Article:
I’ve been having a look at Europarl TV, launched yesterday with a bit of fanfare in Brussels. I was not at the launch so I didn’t profit from a few glasses of wine to temper my views on the project. I instead watched a bit of the news show this morning and while the technology is smooth enough the content of the first item on the ‘news’ was so skewed it was untrue. It was a piece about what to do about the roof of the EP in Strasbourg having fallen in (for more on that see this post), and as a consequence whether the EP should be just based in Brussels.

The only MEPs featured in the report were French – Gérard Onesta (Greens) at least mentioned the environmental impact of running 2 buildings, but Joseph Daul (EPP) basically declined to acknowledge there was any problem with Strasbourg, and even had a go at the quality of the Brussels hemicycle. Daul is, you guessed it, from Alsace… Where were the MEPs opposed to Strasbourg?

The Europarl TV editorial charter states “The channel shall ensure that the plurality of opinion in the European Parliament is reflected, with due respect to the relative strengths of the political groups, in accordance with a neutral, non-partisan editorial policy.” Really? Seems they are off to a bad start.


  1. Got to say I like the sub-Euronews whooshy music that introduces each section even if I’ve not had the patience to watch a whole six minute item…

  2. Giacomo

    Personally I do not find it so bad. Maybe that specific video was not so good and neutral, but I have watched other videos and I didn’t find them so bad.

    I hope that day by day the quality will grow and a much wider range of opinions will be well represented.

    Anyway I think it is a very good start point: it is the first time someone try to create a TV broadcasting multi-language content through and about Europe. If this will become an example which other media enterprises will follow we’ll be able to have a space for the growing of an European public opinion on an European level and not only at a national one.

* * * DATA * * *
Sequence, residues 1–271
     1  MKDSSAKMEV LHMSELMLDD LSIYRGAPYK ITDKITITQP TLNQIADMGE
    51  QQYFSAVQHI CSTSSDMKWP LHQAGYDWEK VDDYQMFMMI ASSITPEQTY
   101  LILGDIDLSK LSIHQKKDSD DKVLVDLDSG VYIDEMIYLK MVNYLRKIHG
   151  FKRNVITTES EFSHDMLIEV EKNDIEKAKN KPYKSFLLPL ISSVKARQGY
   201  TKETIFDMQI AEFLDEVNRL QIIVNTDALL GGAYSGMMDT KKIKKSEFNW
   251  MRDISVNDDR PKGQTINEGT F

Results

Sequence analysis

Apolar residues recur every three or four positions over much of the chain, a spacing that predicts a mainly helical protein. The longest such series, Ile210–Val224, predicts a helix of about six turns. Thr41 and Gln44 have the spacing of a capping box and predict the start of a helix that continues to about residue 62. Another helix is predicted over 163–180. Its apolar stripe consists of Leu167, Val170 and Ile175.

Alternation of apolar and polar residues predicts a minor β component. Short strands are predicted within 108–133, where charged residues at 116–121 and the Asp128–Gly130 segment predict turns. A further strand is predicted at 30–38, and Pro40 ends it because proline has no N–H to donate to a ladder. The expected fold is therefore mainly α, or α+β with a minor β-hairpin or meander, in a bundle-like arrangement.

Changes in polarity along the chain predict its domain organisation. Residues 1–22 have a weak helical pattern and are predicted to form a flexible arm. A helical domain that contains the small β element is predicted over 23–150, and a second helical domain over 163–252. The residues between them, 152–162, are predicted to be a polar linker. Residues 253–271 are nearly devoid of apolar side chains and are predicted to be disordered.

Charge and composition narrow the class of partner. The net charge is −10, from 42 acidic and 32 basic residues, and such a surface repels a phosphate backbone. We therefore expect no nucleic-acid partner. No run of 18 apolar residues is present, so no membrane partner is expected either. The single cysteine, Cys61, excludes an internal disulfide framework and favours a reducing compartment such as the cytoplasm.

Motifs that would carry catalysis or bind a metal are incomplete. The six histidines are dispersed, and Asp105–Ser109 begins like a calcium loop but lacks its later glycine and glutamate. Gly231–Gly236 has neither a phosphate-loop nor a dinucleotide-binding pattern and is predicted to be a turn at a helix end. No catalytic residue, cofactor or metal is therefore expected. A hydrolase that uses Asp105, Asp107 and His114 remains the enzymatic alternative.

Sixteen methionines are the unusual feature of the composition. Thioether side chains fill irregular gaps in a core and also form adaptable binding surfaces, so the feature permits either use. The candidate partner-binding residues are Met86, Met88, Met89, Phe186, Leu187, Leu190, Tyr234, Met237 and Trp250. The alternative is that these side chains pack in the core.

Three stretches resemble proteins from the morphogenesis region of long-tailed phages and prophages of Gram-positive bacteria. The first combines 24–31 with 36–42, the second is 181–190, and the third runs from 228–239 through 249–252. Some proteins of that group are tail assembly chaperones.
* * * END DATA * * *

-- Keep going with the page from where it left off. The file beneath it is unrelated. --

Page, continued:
3. The question is: Are these interviews done by request of the parliamentarians or on the initiative of Euparltv? In other words, are the parliamentarians starting to use their broadcasting service to spread their message, or is the web TV trying to pass its “own” message?

  4. Jon,

    The new channel seems to be as credible as a press conference launched on-line, which means that it may offer some facts and viewpoints (represented proportionally) to serve as raw material for real journalists, including bloggers.

    But the Council – the most powerful institution – is going to continue to be the real black hole in EU communications, transparency, openness and accountability as long as the union is based primarily on member states instead of its citizens.

  5. You are right with this specific story. I think that the EP will have a hard time in the coming months with regard to the editorial neutrality.

    But I hope that this will not be the only debate that it stimulates but also one that is the about topics discussed in the EP. I think that the TV project can have a real impact. In the end, controversy can only be good for Brussels.

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